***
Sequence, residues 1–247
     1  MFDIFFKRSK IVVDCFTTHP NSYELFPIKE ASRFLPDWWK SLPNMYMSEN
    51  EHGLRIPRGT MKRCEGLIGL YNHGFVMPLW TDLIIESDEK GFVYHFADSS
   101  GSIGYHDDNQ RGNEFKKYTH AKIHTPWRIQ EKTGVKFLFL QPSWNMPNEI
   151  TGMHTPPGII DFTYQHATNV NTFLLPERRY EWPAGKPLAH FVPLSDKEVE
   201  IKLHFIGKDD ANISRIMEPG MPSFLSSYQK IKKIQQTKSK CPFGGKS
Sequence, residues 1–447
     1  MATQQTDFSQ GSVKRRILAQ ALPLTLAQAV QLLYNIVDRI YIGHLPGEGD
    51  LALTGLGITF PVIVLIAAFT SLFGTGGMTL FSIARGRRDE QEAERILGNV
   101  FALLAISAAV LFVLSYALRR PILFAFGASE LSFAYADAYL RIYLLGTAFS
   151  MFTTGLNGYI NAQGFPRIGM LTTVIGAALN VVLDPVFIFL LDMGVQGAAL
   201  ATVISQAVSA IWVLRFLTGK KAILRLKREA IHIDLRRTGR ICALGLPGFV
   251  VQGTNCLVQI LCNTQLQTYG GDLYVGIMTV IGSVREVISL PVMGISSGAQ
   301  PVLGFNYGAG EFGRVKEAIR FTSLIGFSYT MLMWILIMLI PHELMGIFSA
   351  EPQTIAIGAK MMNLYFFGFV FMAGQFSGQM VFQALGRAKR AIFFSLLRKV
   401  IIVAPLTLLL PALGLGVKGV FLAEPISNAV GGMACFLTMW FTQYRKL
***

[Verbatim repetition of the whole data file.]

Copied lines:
Sequence, residues 1–247
     1  MFDIFFKRSK IVVDCFTTHP NSYELFPIKE ASRFLPDWWK SLPNMYMSEN
    51  EHGLRIPRGT MKRCEGLIGL YNHGFVMPLW TDLIIESDEK GFVYHFADSS
   101  GSIGYHDDNQ RGNEFKKYTH AKIHTPWRIQ EKTGVKFLFL QPSWNMPNEI
   151  TGMHTPPGII DFTYQHATNV NTFLLPERRY EWPAGKPLAH FVPLSDKEVE
   201  IKLHFIGKDD ANISRIMEPG MPSFLSSYQK IKKIQQTKSK CPFGGKS
Sequence, residues 1–447
     1  MATQQTDFSQ GSVKRRILAQ ALPLTLAQAV QLLYNIVDRI YIGHLPGEGD
    51  LALTGLGITF PVIVLIAAFT SLFGTGGMTL FSIARGRRDE QEAERILGNV
   101  FALLAISAAV LFVLSYALRR PILFAFGASE LSFAYADAYL RIYLLGTAFS
   151  MFTTGLNGYI NAQGFPRIGM LTTVIGAALN VVLDPVFIFL LDMGVQGAAL
   201  ATVISQAVSA IWVLRFLTGK KAILRLKREA IHIDLRRTGR ICALGLPGFV
   251  VQGTNCLVQI LCNTQLQTYG GDLYVGIMTV IGSVREVISL PVMGISSGAQ
   301  PVLGFNYGAG EFGRVKEAIR FTSLIGFSYT MLMWILIMLI PHELMGIFSA
   351  EPQTIAIGAK MMNLYFFGFV FMAGQFSGQM VFQALGRAKR AIFFSLLRKV
   401  IIVAPLTLLL PALGLGVKGV FLAEPISNAV GGMACFLTMW FTQYRKL